So what should I use?
There are dozens if not hundreds of apps that take notes to choose from. All of them promise, not surprisingly, to turn you into an organizational and productivity guru. If you are struggling to sift through them all, it is important to ask the following questions.
What hardware do I own?
First and foremost, remove any service that does not support your primary devices. For the sake of the argument, let's say you own a Macbook Pro and an Android smartphone: You can immediately exclude any platform that doesn't support Google's mobile operating system, such as Bear and Ulysses. Why? Because it's important that you access your notes anytime, anywhere. A good, reliable mobile app means you can quickly read some audit notes while sitting on the bus or waiting for a queue for coffee. There is also a decent backup if you forget to charge your laptop or tablet before class.
What is my learning style?
If you have not already done so, take a quiz for "learning style". It will explain whether you absorb and treat information best with pictures (photographs, charts, maps, etc.), sound (podcasts, audio books, class recordings), words (good old-fashioned reading and writing) or some kind of physical, tactile representation (look at a globe, fixes a car by hand, etc.).
What am I studying?
You should then evaluate your subjects. What will be the best way to represent and digest the course materials? For example, a degree of photography will probably cover some productive shutter skin such as Ansel Adams and Henri Cartier-Bresson. If you want to remember their lives and techniques, it makes sense to build some notes that contain a mixture of text and examples.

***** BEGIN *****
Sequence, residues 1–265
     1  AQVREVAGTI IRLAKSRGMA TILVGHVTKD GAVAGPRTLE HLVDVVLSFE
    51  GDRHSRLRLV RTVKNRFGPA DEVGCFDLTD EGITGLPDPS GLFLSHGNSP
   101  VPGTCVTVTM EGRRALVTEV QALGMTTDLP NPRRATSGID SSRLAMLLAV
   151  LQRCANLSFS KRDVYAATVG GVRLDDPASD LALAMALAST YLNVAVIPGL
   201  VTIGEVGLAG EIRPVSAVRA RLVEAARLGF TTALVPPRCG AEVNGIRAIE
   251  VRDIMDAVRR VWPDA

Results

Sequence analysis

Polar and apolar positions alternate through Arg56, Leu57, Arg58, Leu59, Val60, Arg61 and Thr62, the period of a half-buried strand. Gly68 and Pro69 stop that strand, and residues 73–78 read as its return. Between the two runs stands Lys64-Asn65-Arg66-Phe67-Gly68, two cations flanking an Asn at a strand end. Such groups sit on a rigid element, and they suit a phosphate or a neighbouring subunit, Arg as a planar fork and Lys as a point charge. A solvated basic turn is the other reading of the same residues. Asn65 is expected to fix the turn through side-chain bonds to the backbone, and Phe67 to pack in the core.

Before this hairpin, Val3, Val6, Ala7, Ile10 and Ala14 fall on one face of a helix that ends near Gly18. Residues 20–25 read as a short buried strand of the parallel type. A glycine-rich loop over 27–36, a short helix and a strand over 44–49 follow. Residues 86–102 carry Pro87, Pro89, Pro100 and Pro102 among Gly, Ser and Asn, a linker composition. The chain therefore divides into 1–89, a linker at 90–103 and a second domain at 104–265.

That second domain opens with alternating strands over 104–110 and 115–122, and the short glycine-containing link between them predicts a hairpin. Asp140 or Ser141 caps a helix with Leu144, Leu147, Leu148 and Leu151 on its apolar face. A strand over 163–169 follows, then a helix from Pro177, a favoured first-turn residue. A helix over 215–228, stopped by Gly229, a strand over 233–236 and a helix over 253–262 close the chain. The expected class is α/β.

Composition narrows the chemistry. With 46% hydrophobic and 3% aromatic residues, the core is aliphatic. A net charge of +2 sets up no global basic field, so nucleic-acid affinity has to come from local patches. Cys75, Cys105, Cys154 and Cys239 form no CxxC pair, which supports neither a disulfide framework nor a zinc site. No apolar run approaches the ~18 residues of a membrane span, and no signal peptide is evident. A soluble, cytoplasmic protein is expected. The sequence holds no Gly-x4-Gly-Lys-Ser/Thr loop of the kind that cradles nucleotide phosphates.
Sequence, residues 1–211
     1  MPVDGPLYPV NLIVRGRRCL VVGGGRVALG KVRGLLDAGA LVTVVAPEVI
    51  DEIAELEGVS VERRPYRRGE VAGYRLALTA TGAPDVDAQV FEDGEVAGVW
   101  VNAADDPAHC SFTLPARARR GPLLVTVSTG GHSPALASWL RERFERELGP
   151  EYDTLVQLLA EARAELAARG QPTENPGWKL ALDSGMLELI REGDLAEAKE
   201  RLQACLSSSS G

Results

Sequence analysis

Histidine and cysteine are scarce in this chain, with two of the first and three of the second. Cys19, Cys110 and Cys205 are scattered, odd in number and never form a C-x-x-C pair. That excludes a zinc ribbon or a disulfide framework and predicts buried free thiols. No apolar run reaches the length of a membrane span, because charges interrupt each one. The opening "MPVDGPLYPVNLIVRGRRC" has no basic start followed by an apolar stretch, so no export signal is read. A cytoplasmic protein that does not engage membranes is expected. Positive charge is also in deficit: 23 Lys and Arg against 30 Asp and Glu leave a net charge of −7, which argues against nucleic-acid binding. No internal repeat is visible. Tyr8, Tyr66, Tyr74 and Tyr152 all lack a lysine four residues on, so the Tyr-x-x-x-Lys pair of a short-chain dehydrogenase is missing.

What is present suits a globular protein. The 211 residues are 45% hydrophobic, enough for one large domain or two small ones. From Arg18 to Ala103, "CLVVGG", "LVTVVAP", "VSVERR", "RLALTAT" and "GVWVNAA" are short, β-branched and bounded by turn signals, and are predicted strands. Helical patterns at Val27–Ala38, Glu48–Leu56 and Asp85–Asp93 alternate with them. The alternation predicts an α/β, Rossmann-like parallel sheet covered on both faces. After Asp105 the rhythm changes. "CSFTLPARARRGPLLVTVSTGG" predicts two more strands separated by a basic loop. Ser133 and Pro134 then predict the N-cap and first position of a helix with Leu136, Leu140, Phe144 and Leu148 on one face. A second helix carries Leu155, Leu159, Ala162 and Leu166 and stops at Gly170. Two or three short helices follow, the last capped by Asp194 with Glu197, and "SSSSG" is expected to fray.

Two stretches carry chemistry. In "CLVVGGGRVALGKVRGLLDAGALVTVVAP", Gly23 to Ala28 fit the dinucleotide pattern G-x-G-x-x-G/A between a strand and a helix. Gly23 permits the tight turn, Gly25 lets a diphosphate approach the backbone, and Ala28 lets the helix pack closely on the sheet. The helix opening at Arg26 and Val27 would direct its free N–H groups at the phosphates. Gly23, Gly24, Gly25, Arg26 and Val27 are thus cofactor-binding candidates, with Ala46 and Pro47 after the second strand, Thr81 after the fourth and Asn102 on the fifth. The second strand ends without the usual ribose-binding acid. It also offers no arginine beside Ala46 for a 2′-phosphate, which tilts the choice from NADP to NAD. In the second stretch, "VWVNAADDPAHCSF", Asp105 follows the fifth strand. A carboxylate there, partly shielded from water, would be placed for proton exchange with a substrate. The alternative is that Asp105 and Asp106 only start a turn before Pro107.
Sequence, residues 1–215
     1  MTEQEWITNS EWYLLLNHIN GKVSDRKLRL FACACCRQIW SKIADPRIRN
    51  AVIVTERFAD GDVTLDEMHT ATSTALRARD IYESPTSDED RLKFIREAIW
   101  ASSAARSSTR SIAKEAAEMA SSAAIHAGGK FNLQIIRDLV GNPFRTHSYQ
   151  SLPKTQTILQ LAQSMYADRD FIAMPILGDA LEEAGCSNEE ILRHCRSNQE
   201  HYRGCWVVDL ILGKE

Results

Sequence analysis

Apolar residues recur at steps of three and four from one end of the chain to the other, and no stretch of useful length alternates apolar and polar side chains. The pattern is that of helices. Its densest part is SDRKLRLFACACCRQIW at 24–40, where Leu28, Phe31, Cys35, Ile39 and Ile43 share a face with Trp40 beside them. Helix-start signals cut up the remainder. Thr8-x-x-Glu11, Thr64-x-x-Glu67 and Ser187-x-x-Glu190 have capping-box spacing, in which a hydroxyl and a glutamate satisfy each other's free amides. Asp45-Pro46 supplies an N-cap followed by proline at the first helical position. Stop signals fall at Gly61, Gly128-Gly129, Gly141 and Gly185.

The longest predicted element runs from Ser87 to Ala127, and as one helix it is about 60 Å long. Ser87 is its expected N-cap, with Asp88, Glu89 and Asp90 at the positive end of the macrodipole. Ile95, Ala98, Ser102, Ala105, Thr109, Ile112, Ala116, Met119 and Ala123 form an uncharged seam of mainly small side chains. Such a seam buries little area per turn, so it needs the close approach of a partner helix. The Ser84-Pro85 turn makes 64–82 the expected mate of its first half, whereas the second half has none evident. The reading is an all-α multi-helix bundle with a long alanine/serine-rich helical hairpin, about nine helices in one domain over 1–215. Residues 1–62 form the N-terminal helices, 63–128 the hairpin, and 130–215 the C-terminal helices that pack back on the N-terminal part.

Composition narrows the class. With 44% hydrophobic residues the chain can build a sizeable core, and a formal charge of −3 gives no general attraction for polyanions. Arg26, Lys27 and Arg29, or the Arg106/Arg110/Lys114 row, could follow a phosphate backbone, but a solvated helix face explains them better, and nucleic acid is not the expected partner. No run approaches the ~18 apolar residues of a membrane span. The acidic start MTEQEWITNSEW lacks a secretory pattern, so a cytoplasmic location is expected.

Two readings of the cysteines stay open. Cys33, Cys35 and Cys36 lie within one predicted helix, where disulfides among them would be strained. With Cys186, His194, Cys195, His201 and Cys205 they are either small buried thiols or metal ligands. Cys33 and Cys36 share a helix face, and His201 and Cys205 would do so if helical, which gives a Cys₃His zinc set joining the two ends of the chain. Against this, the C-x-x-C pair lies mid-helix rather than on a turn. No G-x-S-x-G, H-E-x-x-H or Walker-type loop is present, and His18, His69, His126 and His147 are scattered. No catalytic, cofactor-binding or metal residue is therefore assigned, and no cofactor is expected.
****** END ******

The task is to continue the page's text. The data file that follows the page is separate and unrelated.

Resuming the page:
What is my budget?
Don't use what you can't afford. Set yourself a budget (we have a guide to manage your finances too) and reject everything that goes over it. Also, beware of "free" versions that unlock basic features like offline access and synchronization of devices across devices behind expensive subscription plans. You will not feel limited by your note app in class.
It is impossible to choose a single "best" note app. Instead, we have made some suggestions that are tailored to specific users, devices and learning styles.
"I want to do everything with an iPad and Apple Pencil."
Options: GoodNotes 5
"You want to use a tablet and a laptop or PC."
If you share your time evenly between a tablet and a PC, it is worth checking OneNote. We love Microsoft software because it is completely free and available on a wide range of platforms, you can organize your life in any number of laptops and nested sections, which are then backed up to your Microsoft OneDrive account by default. Individual notes can also support A large number of media types, including text, images, hand-drawn doodles and sound recordings, you can also share your notebooks and collaborate on individual notes with other people, we also love Evernote, but the free level b limits the access to the account to two units.
"I'm a power user who wants to customize everything."
Our choice: Concept
Notion is a note app with a cult-like, and for good reason. It is an extremely powerful and versatile option that supports simple task lists, longer blog posts and a whole bunch of other few-your-life tools, such as Kanban project management, calendars, and Wiki-style databases. Pages (Notions concept for notes) can also link to pages stored in a completely different part of the app. However, the software can be daunting for newcomers and it takes time to build the perfect setup. Fortunately, the company has developed a bunch of page templates and posted some useful guides online.
"I have a Chromebook. What are my options?"